The Melbourne Age used to be called the old thunderer. By contrast, the Sydney Morning Herald was known as Granny Herald. I fear Granny felt obliged today to give young Tony Abbott an editorial lecture: Abbott is failing to live up to his promises - or his purpose. Tsk. Meantime, the latest polls show Labor close to pulling ahead if not ahead.
I make no detailed comment, beyond noting that that the government's problems are self-inflicted, something that I alluded to in Mr Abbott's rabbit trap. Now I'm thinking in terms of Mr Abbott's rubber bands, pulled so tight that they have lost all elasticity. All they can do is break. This won't be aided by the likely half senate election in WA.
Meantime, the economic commentary across the media has become, if not confused, at least confusing. Or so I find it. This one is really important. The Australian Government will muddle through, However, what happens to the economy sets the tone.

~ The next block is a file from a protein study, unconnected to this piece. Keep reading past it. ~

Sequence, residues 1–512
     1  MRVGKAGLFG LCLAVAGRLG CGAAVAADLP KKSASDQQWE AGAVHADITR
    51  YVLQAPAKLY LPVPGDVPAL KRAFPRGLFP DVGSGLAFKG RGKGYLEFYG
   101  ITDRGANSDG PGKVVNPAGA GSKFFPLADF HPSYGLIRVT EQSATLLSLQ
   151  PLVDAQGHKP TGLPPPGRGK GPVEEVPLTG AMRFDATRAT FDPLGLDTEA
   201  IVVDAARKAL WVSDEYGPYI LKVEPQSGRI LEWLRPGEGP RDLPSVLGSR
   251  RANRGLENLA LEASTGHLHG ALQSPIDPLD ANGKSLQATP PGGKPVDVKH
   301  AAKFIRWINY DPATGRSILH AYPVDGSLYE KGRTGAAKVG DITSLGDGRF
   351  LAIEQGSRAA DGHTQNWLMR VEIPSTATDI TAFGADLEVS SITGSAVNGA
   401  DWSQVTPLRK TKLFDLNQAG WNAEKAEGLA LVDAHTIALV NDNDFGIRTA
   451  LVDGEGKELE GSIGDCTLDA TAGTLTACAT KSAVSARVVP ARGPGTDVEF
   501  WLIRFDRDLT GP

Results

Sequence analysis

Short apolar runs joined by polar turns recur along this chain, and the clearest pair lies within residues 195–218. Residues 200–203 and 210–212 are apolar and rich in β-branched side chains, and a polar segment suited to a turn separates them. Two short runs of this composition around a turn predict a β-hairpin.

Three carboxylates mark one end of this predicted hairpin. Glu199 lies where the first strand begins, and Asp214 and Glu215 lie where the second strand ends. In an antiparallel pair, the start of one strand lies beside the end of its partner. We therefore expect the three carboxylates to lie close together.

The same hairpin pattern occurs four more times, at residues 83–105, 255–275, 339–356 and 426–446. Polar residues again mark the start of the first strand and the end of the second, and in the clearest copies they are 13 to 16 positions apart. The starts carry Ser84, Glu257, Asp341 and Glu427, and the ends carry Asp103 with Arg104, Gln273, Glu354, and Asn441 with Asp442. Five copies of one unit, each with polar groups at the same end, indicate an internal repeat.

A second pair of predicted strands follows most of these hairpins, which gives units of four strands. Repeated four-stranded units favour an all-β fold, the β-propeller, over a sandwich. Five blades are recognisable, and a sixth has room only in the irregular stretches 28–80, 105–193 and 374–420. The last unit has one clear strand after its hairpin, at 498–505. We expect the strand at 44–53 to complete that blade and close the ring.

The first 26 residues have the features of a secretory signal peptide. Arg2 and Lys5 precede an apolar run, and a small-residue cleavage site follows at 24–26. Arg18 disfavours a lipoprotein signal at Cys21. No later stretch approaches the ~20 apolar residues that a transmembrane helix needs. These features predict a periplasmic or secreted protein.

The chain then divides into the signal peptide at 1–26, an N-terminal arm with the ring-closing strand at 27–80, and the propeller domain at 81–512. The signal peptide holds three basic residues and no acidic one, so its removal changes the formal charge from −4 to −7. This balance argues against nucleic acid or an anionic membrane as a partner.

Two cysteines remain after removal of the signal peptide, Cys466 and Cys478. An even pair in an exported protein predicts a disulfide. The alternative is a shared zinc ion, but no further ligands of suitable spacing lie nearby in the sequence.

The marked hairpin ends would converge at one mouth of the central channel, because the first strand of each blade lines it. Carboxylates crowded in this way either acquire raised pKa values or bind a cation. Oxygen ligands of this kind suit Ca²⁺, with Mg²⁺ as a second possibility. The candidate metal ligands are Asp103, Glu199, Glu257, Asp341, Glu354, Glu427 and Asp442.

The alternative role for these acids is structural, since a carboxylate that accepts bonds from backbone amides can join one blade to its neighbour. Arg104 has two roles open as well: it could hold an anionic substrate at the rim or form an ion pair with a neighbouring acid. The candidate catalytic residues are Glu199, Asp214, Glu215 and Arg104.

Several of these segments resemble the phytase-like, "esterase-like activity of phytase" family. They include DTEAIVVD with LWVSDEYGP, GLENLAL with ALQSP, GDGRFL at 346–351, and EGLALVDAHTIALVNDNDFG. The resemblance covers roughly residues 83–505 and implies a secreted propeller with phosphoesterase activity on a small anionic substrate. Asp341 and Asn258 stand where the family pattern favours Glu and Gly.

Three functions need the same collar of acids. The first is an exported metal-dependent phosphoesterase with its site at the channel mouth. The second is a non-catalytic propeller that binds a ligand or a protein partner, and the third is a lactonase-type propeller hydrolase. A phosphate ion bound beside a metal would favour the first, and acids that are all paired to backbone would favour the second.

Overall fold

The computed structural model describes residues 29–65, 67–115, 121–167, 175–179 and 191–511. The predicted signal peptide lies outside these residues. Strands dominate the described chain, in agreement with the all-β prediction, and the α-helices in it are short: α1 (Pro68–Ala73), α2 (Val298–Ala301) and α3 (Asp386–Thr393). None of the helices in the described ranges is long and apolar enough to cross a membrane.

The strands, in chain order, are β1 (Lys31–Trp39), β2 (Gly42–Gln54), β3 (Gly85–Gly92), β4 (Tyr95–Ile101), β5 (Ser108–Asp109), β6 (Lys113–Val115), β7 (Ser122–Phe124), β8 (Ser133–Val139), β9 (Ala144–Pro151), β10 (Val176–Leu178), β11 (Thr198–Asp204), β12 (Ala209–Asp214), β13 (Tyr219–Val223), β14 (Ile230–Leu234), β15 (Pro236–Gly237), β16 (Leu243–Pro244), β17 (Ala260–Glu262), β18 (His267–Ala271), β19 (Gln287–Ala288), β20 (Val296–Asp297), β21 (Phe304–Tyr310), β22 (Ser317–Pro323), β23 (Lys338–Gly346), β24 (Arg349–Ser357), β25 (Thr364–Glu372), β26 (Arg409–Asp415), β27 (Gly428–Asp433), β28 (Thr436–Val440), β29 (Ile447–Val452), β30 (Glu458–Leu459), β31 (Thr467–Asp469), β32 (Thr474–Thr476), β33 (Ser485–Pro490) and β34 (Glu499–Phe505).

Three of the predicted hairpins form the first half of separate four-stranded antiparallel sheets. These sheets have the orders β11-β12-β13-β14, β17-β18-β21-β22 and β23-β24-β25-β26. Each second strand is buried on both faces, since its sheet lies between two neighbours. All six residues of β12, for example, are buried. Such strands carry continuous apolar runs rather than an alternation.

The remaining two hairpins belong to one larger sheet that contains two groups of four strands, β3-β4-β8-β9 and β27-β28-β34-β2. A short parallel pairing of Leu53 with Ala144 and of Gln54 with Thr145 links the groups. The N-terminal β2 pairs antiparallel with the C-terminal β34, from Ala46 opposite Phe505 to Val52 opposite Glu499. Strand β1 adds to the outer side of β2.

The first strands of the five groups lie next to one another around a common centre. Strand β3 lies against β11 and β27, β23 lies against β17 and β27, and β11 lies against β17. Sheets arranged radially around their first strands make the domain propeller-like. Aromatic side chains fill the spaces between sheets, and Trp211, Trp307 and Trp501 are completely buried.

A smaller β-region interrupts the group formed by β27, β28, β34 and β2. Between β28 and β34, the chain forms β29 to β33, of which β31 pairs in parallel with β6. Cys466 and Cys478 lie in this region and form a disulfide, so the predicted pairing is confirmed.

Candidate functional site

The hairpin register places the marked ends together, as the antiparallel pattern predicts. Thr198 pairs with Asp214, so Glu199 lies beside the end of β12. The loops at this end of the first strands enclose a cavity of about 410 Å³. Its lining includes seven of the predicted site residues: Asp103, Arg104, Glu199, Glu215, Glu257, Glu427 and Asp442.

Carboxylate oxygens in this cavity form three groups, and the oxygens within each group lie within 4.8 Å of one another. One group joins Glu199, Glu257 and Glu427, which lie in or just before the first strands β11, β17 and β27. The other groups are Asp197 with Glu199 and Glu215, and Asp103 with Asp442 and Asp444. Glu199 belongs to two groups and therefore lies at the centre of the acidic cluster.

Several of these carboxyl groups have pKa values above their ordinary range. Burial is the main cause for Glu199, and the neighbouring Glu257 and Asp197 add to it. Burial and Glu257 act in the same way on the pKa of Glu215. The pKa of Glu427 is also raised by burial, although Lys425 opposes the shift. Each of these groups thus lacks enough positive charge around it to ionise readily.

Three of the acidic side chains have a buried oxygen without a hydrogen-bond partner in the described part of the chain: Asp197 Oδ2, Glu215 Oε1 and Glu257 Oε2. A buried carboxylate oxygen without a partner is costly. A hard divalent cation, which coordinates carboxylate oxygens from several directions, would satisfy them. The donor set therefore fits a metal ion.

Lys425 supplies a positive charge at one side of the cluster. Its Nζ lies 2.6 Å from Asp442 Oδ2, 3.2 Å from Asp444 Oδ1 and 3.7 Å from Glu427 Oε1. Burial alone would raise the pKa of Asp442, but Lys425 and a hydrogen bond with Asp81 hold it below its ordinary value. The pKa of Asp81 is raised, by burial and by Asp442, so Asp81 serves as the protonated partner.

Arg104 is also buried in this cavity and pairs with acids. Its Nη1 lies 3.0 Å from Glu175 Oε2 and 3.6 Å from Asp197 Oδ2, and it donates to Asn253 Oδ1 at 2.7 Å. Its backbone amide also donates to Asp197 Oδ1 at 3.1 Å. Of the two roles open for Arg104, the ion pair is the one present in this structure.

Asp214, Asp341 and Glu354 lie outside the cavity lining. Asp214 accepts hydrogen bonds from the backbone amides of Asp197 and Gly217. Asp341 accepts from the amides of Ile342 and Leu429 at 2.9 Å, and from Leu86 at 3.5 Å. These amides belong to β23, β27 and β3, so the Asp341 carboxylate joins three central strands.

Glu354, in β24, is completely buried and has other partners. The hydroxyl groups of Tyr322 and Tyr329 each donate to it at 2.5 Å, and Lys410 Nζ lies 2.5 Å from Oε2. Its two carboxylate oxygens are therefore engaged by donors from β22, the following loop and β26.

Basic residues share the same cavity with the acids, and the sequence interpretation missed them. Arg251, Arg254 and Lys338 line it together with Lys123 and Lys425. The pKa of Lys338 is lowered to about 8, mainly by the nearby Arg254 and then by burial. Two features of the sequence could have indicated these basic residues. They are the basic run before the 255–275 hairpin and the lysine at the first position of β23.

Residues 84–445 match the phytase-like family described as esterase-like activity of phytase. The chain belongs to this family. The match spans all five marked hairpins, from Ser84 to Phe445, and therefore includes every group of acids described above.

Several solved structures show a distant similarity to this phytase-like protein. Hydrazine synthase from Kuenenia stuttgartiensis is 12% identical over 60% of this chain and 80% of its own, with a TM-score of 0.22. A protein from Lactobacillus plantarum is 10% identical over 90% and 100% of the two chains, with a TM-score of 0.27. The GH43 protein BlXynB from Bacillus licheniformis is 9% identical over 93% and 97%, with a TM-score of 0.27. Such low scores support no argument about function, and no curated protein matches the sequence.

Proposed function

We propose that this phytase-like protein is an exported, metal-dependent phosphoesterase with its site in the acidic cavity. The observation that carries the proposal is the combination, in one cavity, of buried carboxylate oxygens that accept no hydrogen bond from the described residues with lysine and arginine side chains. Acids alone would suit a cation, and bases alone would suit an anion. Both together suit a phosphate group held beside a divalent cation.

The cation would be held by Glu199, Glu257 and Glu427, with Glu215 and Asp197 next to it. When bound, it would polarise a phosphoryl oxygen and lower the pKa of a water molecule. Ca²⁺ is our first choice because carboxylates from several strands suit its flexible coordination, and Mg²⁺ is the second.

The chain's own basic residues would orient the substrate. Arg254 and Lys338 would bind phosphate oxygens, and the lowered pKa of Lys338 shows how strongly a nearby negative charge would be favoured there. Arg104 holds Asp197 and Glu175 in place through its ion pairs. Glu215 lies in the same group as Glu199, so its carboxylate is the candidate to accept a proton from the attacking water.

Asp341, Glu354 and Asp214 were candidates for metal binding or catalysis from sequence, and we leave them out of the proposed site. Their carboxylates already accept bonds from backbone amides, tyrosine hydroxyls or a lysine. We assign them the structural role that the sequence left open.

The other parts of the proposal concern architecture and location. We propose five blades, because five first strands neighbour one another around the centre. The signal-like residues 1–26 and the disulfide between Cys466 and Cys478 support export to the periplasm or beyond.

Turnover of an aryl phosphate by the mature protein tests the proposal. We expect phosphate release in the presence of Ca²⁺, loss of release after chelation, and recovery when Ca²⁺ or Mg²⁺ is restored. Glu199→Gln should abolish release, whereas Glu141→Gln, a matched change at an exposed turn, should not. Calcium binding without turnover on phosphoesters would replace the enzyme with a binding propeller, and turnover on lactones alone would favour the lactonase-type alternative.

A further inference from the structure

Back in May I said in a very short post on quantitative easing (The world is awash with money) I said:
The thing that is making me increasingly uneasy is the feeling that the pre-conditions are being set for an economic crash. What makes perfect sense for one country, becomes a mess when multiple countries do it. What I'm trying to work out in my mind is a scenario that would allow multiple quantitative easing to be unwound without tipping the wheelbarrow over and us all onto the ground.
That remains my position. I still don't have an answer. However, in a long piece I wrote for a national business magazine at the start of November (it's not yet on-line), I took a more positive view, arguing that Australian economic conditions would be better in 2014 than they were in 2013. That, too, remains my view.
Am I conflicted? Perhaps. Certainly I am a little confused. If you are going to make judgements about the future, as opposed to writing about current events, you have to specify your assumptions. Then you must judge what happens in terms of those assumptions, modifying as required.